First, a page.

Home https://server7.kproxy.com/servlet/redirect.srv/sruj/smyrwpoii/p2/ World https://server7.kproxy.com/servlet/redirect.srv/sruj/smyrwpoii/p2/ Liberals of Canadian Prime Minister Justin Trudeau will form a minority government: CBC

Liberals of Canadian Prime Minister Justin Trudeau will form a minority government: CBC



Liberals leader and Prime Minister Justin Trudeau withdraws from a rally in Peterborough, Ontario, Canada, September 26, 2019.

Chris Helgren | Reuters

The ruling Liberals of Canadian Prime Minister Justin Trudeau will form a minority government, predicted on Monday, after the closure of ballots across the country.

Liberals were leaders or elected in 146 of the 304 constituencies who reported results by about 1

0:30 a.m. EDT (0230 GMT on Tuesday), CBC reported. Trudeau had to win 170 seats to secure a second-majority government.

The minority government in the 338-seat House of Commons will leave Labor in a weak position and needs the support of opposition parties on the left to push key pieces.

Before the vote, polls showed neck-race across the country as Trudeau, who took power as a charismatic figure promising "sunny roads", is fighting Conservative leader Andrew Scheer for the opportunity to form the next

Labor, 47, Liberal Party leader, was endorsed by former US President Barack Ob but in the last section of the campaign and is regarded as one of the last remaining progressive leaders in the major world democracies.

But he was shaken during the campaign by a scandal involving black surfaces and was concerned by critics that he was dealing with a corruption case involving a large Canadian construction company. Trudeau, the son of late Liberal Prime Minister Pierre Trudeau, also had to overcome his government's sense of fatigue.

Trudeau, accompanied by his family, voted in Montreal on Monday after a nationwide sprint campaign in the last four days.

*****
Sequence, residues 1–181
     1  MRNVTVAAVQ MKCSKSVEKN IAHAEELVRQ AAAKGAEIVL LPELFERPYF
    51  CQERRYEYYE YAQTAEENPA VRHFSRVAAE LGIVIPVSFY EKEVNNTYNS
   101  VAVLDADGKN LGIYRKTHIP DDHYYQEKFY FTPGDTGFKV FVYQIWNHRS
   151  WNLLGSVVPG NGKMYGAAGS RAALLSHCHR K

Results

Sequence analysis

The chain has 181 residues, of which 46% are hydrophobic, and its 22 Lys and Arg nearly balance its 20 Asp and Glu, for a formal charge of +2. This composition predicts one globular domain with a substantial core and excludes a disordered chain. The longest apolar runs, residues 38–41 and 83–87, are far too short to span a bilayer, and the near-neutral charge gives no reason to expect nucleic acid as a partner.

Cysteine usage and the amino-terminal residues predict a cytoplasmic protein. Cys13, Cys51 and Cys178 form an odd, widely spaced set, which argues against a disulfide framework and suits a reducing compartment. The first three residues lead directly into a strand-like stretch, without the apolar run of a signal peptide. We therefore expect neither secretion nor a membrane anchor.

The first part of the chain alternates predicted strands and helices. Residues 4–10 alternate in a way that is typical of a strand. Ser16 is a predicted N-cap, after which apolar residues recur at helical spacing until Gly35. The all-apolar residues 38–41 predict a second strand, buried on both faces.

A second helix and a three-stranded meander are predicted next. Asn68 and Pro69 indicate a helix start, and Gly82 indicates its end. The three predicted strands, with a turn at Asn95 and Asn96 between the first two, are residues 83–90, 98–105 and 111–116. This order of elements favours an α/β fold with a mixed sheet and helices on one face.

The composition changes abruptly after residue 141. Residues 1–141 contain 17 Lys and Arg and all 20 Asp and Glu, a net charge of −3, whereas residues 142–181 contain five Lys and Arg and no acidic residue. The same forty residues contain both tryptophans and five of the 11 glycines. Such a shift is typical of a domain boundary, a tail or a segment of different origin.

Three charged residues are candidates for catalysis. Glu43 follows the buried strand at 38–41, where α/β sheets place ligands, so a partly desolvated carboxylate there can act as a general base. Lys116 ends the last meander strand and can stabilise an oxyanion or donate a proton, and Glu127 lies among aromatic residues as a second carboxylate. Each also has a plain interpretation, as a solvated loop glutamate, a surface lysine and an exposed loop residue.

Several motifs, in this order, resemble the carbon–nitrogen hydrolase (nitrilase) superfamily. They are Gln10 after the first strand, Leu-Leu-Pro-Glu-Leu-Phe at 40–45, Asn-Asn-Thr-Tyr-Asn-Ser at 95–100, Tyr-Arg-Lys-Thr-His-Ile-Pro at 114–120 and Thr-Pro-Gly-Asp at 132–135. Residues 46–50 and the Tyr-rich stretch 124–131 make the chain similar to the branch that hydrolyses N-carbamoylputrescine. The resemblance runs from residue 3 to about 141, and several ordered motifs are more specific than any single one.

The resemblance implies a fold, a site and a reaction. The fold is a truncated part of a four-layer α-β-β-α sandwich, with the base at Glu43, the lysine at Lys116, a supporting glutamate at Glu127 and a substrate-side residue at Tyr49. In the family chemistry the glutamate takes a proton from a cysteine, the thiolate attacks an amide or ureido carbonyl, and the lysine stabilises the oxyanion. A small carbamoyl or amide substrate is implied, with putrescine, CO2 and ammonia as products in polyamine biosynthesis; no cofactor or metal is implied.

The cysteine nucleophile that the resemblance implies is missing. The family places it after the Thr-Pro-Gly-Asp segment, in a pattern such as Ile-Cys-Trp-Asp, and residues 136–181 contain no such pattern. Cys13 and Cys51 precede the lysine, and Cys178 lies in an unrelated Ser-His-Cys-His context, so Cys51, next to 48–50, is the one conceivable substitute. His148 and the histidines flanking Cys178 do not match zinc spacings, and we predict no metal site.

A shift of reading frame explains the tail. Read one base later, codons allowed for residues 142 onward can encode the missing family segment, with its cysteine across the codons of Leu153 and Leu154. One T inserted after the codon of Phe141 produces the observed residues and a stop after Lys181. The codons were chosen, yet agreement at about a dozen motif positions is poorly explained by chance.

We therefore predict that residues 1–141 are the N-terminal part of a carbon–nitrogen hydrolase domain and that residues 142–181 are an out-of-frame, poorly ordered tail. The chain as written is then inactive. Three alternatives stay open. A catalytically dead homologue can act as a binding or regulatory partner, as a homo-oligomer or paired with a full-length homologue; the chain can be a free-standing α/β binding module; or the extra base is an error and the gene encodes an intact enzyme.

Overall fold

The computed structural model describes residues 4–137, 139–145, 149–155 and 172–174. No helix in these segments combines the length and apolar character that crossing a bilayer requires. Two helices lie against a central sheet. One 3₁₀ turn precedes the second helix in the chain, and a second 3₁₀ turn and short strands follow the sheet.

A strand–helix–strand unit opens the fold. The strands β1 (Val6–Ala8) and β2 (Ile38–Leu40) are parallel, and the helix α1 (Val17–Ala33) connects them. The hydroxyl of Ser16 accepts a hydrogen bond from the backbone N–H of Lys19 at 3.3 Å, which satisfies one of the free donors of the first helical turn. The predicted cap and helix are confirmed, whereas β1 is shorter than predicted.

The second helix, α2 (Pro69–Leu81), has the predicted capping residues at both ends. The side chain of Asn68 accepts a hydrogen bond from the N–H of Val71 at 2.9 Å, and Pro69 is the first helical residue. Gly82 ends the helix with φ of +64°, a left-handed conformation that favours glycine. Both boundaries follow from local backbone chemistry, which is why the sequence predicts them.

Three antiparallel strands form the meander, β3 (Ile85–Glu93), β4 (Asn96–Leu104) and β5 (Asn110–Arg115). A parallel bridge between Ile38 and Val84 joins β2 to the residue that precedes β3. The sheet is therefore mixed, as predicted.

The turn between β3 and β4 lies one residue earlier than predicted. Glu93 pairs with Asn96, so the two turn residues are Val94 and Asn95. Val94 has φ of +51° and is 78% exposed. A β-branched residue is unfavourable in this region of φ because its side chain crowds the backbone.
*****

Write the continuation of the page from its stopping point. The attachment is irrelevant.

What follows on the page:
On Twitter, Trudeau repeatedly called on people to come out and vote. Turnout is crucial for liberals, who privately fear that low engagement will affect them more than conservatives.

"(The Government of Minorities) will force people to talk to each other about what we need," said Naomi Higgins, a 25-year-old Toronto voter who supported the Liberals four years ago, but went green with this election. "We must … start doing what is best for everyone, not what makes one or the other look their best."

The Greens were led or selected in one place while the separatist the Quebec block was led or elected through 33 locations in the province of Quebec.

Liberal campaign strategists say four Trudeau cabinet members could lose their parliamentary seats, including Public Security Minister Ralph Goodale, who is considered one of the heavyweights of the government.

The 70-year-old Godale is the only Liberal Member of Parliament in the western province of Saskatchewan, where Trudeau's anger is mounting over federal environmental policies that the energy industry says will hurt production.

The most lobbying group of the oil industry blames Trudeau's policies to reduce investment in the sector and some global energy companies have dumped assets in the oil sands area of ​​Alberta, the country's main oil-producing province.

Canada's economy, however, is growing in 2019. The Canadian dollar was the best performing currency since the G10 this year, rising more than 4% relative to its US counterpart as the economy added steady-state jobs and inflation remained closed to 2% of Bank of Canada's target.


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